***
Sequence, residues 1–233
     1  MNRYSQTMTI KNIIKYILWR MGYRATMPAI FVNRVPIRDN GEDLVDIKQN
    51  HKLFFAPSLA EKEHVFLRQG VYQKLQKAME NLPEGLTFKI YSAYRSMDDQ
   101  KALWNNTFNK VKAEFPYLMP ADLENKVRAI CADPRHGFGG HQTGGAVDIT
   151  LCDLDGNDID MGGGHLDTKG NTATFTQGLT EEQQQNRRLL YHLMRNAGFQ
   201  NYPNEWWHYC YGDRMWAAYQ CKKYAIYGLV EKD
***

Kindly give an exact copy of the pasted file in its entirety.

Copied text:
Sequence, residues 1–233
     1  MNRYSQTMTI KNIIKYILWR MGYRATMPAI FVNRVPIRDN GEDLVDIKQN
    51  HKLFFAPSLA EKEHVFLRQG VYQKLQKAME NLPEGLTFKI YSAYRSMDDQ
   101  KALWNNTFNK VKAEFPYLMP ADLENKVRAI CADPRHGFGG HQTGGAVDIT
   151  LCDLDGNDID MGGGHLDTKG NTATFTQGLT EEQQQNRRLL YHLMRNAGFQ
   201  NYPNEWWHYC YGDRMWAAYQ CKKYAIYGLV EKD